Monday: Week three of my son's first year of secondary school. It's been a wrench leaving his primary where he's shone in the school play and the football team, but still looks vague when asked seven times eight and how to spell "science". After months of open days, league tables and endless discussions, we think we've found the right place. Unlike many of the schools we saw, it has energy, confidence and turns out well-educated children. Perfect. Apart from one thing. It's private.
Tuesday: His first day of travelling by bus alone. I know he won't want to get up, but at 7am he bounds downstairs, fully dressed. By 7.30am he's had his breakfast, packed his bag and he's off. I resist the desire to "trail" him to the bus stop.
At 4.30pm I'm hovering outside. He's back. No problem. Easy. His sister tells him his favourite TV programme is on.
He tells her he's too busy; he has to record a science experiment as a cartoon strip, then he wants to read some of his book for his English teacher. Is this the same boy who hasn't voluntarily picked up a book since the Liverpool Football Club annual?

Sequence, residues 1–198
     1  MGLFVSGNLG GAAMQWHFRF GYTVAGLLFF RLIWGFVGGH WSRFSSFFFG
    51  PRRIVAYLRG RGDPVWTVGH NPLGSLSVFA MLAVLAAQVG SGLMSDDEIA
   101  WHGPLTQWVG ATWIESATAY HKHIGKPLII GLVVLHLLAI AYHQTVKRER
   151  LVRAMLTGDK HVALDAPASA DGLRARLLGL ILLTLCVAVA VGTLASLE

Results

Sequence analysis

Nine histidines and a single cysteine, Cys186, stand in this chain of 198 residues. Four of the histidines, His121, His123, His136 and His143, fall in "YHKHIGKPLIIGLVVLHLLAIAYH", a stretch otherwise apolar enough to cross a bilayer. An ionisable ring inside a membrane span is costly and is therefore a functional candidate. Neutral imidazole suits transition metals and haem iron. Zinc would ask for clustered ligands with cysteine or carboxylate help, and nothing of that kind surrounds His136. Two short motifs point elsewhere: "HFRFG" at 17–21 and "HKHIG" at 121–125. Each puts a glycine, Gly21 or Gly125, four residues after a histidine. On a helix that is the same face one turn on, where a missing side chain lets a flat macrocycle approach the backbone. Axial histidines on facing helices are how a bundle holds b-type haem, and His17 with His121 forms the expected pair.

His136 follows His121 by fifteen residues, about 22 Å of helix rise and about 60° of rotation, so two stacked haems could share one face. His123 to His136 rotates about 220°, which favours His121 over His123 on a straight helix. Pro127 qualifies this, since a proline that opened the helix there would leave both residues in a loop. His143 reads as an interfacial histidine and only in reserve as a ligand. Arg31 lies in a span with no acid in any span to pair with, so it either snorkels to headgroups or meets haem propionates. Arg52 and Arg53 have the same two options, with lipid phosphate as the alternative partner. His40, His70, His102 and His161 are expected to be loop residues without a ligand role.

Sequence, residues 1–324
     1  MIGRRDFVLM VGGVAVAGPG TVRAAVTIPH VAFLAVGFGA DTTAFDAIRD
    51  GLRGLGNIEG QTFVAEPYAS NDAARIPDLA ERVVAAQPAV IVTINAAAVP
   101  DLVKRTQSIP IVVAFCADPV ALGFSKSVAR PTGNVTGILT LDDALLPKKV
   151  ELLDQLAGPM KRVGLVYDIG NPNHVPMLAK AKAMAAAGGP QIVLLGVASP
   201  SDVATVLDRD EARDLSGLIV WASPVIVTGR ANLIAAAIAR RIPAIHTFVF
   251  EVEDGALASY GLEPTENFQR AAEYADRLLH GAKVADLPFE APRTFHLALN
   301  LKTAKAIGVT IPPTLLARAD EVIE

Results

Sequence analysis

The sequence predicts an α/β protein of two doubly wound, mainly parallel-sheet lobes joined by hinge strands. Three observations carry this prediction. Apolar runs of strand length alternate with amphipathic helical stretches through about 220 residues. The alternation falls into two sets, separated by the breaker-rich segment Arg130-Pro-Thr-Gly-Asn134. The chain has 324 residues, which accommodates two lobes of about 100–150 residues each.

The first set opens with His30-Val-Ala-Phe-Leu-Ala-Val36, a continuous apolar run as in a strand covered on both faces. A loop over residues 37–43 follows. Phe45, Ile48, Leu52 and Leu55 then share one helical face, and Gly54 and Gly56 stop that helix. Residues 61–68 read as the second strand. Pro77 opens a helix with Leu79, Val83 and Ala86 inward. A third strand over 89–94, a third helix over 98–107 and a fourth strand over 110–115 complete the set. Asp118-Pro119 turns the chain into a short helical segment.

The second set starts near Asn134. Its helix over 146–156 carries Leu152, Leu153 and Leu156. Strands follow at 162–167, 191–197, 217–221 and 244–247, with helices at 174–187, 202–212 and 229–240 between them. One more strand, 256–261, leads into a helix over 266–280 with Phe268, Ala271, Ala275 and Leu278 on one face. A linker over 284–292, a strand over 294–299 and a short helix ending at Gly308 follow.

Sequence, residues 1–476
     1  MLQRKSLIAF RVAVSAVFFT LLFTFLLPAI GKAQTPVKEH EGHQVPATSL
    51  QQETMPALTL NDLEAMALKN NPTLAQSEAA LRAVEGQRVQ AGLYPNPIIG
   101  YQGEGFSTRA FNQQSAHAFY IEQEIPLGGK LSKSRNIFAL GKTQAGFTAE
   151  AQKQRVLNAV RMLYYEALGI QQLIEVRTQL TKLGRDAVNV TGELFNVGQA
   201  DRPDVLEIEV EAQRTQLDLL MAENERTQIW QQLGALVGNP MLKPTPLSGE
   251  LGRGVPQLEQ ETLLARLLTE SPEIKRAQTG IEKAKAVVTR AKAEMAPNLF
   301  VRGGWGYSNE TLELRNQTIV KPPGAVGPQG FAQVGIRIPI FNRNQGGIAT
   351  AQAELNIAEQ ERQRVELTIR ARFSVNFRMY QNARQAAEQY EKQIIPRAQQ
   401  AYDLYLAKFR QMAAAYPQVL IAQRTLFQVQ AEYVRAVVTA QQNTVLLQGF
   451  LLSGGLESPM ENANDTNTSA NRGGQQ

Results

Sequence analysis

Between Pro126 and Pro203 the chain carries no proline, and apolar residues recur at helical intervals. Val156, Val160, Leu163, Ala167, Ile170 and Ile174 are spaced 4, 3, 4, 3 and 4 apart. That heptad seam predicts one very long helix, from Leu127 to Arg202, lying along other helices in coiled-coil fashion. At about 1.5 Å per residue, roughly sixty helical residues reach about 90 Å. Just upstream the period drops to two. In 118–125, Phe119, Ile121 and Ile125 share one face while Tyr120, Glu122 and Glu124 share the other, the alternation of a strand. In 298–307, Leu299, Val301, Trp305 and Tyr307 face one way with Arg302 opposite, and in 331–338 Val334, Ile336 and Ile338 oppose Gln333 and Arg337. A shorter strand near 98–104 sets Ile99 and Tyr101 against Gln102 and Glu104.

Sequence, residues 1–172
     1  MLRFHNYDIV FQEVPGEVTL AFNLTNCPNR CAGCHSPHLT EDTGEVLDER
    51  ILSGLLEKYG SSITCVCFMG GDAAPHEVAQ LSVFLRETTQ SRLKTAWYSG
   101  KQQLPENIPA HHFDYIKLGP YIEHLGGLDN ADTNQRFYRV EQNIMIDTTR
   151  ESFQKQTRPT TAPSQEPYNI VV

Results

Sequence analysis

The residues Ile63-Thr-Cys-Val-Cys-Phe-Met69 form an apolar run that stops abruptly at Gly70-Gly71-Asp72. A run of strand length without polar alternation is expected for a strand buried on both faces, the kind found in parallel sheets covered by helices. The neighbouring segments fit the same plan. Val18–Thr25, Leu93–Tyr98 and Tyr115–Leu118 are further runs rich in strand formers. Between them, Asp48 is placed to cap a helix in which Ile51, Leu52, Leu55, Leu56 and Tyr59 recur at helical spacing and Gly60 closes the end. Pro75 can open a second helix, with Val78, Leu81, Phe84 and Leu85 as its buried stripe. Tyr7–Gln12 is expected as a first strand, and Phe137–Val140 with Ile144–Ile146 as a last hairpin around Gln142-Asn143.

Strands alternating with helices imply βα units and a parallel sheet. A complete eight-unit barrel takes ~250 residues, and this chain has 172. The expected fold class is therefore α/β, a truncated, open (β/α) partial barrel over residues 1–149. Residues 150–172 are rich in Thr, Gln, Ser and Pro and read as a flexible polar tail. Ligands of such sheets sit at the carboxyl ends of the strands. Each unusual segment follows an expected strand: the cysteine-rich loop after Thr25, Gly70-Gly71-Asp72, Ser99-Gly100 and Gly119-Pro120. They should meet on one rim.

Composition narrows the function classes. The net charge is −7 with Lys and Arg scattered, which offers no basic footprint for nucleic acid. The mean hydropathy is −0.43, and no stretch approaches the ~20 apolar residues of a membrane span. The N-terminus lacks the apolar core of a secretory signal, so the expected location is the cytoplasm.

Wednesday: Today he's enthusing about history, maths and geography. "Actually," he confides, "some of the subjects are quite boring but the teachers make them interesting." He loves his new bus pass, it makes him feel like an FBI agent. He throws himself into his homework, French conversation. Can this nonchalant adolescent European really be my little boy of just "onze ans"?
Thursday: Disaster at 8am. The doorbell rings. He's in tears. He's lost his bus pass and a group of boys on the bus from another school have made fun of him. He's had to get off and run home. I waver between a row for losing it, or a hug. I do both.
Drop his sister off at another parents' and drive him to school. Traffic is horrendous. It's a miserable journey with me giving him a lecture about responsibility, he is 11 after all. His only consolation is that he's been picked for the football team tonight.
At 7pm I'm pacing the street to look for him. When he finally makes it home, he's exhausted - they lost 14-1 and he was the goalie. I say nothing about the bus pass.
Friday: Pick him up from school as he wants to show his sister around. After she's seen the goat, the swings and the tree house, he introduces us to two of his teachers as though they were life-long friends. She's impressed. "When can I come here Mummy?" I've been wondering if we'll have enough money to pay for the one, never mind two. In the car he says "I can't wait for Monday. That school is brilliant. Thanks for sending me there." I look at them both. Better start saving now.
Dorothy Stiven lives in London